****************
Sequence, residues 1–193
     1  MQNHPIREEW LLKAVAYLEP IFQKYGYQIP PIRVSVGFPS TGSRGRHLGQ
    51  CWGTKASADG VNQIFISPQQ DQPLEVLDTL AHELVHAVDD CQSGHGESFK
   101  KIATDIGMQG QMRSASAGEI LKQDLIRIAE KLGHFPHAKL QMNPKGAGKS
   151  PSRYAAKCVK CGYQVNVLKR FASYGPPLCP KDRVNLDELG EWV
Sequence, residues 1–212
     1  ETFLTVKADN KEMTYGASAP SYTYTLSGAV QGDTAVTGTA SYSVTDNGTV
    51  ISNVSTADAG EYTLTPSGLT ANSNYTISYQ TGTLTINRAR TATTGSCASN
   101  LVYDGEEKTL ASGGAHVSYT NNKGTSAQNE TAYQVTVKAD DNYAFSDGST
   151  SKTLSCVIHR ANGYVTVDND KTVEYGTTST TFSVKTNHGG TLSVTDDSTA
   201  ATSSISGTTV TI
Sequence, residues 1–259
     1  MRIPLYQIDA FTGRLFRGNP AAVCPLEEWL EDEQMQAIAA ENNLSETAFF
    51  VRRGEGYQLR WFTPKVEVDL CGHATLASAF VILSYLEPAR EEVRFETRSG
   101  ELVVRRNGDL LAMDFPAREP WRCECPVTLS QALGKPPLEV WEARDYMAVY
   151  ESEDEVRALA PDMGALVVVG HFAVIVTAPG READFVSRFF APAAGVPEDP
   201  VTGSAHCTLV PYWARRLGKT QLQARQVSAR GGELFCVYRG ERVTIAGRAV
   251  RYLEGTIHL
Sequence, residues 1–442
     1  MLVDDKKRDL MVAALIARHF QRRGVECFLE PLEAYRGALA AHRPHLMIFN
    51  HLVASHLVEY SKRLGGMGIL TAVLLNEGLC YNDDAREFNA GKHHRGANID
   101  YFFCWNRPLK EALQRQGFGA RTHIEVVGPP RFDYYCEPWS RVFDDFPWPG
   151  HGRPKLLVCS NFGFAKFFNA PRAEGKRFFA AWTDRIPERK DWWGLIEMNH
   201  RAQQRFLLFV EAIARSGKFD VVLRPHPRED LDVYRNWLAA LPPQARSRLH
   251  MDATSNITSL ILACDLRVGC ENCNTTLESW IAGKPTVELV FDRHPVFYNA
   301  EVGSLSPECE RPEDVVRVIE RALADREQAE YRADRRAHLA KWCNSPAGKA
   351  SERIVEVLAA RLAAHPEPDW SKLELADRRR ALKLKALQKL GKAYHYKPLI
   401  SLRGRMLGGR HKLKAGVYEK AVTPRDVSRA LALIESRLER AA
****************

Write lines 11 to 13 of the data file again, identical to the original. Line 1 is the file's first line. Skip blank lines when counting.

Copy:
   201  ATSSISGTTV TI
Sequence, residues 1–259
     1  MRIPLYQIDA FTGRLFRGNP AAVCPLEEWL EDEQMQAIAA ENNLSETAFF